Colin Mills, compiler of the Hortus Camdenensis, died in late November 2012 after a short illness. As he always considered the Hortus his legacy, it is his family's intention to keep the site running in perpetuity. It will not, however, be updated in the near future.

Fraxinus ornus L.

Fully-hardy, bushy-headed, rounded, deciduous tree with pinnate leaves, to 20cm long, composed of 5-9 leaflets, turning purple-red in autumn, and large terminal and axillary panicles of fragrant, creamy flowers in spring and summer.  To 15m.  [RHSE, Hortus, Hilliers’].

Horticultural & Botanical History

The source of Manna, a mild laxative long used in medicine.  ‘F. ornus is the celebrated Manna Ash, a native of the East and Mediterranean regions, which has several varieties.  It is an effective and hardy tree in England, and even in London gardens is vigorous and handsome.  It is grafted on the Common Ash, so what it would be if on its own roots we have no knowledge.  Its place is among the larger flowering trees.’  [W. Robinson – The English Flower Garden and Home Grounds p.577/1909].

 ‘This tree greatly resembles our common ash: it is lofty, much branched, and covered with a greyish bark.  The young shoots produce the leaves, which are pinnated, opposite, and consist of several pair of pinnae, or small leaves, terminated by an odd one, pointed, serrated, veined, standing upon footstalks, of an oval or oblong shape, and bright green colour.  The flowers grow in close thick branched spikes, and open in May and June.  In the specimen we have figured, the flowers were all hermaphrodite; the corolla divided into four narrow whitish segments, somewhat longer than the stamina; the two filaments tapering, and crowned with large furrowed erect anthera; the germen oval, and a little compressed; the style short and cylindrical; the capsule is long, flat, membranous, and contains a single flat pointed seed.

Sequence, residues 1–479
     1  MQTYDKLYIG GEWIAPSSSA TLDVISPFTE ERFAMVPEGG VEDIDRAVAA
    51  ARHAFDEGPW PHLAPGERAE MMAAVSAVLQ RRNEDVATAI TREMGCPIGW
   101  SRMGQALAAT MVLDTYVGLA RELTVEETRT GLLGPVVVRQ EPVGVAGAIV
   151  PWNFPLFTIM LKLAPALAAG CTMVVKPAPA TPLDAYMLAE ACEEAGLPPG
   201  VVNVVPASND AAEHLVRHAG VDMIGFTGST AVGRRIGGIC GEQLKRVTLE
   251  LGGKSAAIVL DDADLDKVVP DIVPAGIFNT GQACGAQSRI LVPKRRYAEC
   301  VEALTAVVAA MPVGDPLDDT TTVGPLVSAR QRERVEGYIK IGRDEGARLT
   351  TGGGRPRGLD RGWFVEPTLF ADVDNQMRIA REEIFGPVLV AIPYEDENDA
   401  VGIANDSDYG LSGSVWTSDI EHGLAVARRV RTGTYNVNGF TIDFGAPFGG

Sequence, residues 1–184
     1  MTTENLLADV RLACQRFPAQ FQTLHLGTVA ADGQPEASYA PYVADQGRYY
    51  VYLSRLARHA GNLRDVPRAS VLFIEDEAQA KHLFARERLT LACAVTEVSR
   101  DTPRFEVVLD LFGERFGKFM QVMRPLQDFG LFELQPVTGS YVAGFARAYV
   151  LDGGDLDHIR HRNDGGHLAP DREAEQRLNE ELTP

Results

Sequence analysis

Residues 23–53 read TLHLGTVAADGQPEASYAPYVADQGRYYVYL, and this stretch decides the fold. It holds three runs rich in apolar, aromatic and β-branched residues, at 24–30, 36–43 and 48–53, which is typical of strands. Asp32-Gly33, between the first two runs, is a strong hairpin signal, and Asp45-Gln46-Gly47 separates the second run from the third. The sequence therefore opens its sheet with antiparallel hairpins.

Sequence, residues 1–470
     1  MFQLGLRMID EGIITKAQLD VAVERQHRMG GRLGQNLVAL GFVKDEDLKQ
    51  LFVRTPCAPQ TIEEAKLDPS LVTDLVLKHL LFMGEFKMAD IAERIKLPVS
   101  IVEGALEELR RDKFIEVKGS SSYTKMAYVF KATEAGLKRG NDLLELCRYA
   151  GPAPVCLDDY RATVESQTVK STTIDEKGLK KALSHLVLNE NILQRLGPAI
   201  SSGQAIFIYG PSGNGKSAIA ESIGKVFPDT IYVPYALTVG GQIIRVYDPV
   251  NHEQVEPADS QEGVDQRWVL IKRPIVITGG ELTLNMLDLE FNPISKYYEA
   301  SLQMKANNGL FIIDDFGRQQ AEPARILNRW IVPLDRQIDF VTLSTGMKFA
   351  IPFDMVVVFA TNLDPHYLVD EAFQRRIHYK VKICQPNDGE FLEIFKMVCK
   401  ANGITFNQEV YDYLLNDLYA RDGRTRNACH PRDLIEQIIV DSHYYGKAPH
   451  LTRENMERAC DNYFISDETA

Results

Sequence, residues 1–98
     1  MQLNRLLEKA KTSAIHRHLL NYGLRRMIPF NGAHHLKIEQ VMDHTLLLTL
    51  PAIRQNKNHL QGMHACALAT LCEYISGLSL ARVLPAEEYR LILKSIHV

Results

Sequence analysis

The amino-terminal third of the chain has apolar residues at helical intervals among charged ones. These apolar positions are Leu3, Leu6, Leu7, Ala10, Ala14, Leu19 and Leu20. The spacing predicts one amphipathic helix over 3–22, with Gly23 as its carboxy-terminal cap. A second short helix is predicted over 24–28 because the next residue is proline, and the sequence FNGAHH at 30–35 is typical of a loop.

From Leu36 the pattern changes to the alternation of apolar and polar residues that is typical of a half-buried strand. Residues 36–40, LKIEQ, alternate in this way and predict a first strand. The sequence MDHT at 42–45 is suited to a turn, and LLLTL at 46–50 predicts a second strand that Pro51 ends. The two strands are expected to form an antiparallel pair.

This tree is a native of the southern parts of Europe, particularly of Sicily and Calabria.  It was first introduced into England about seventy years ago, by Dr. Uvedale; and at present adorns many of the gardens of this country.

The Ornus is not the only species of ash which produces Manna; the rotundifolia and excelsior, especially in Sicily, also afford this drug, though less abundantly.  Many other trees and shrubs have likewise been observed, in certain seasons and situations, to emit a sweet juice, which concretes on exposure to the air, and may be considered as of the manna kind.  In Sicily the three species of the Fraxinus, mentioned above, are regularly cultivated for the purpose of procuring Manna, and with this view are planted on the declivity of a hill, with an eastern aspect.’  [Medical Botany p.589, pl.209/1832].

Introduced to Britain in 1730.  [PD].

History at Camden Park

Listed in all published catalogues [T.711/1843].


Published Jan 20, 2010 - 12:26 PM | Last updated Jul 28, 2010 - 02:35 PM

Figured are the pinnate, toothed leaves and panicle of creamy-white flowers.  Medical Botany p.589, pl.209, 1832.

Fraxinus ornus L. | Medical Botany p.589, pl.209/1832 | BHL

Family Oleaceae
Region of origin

Southern Europe and Asia

  • Ornus europaea Pers.
Common Name

Flowering ash, Manna ash

Name in the Camden Park Record

Ornus Europaeus - Flowering Ash 

Confidence level high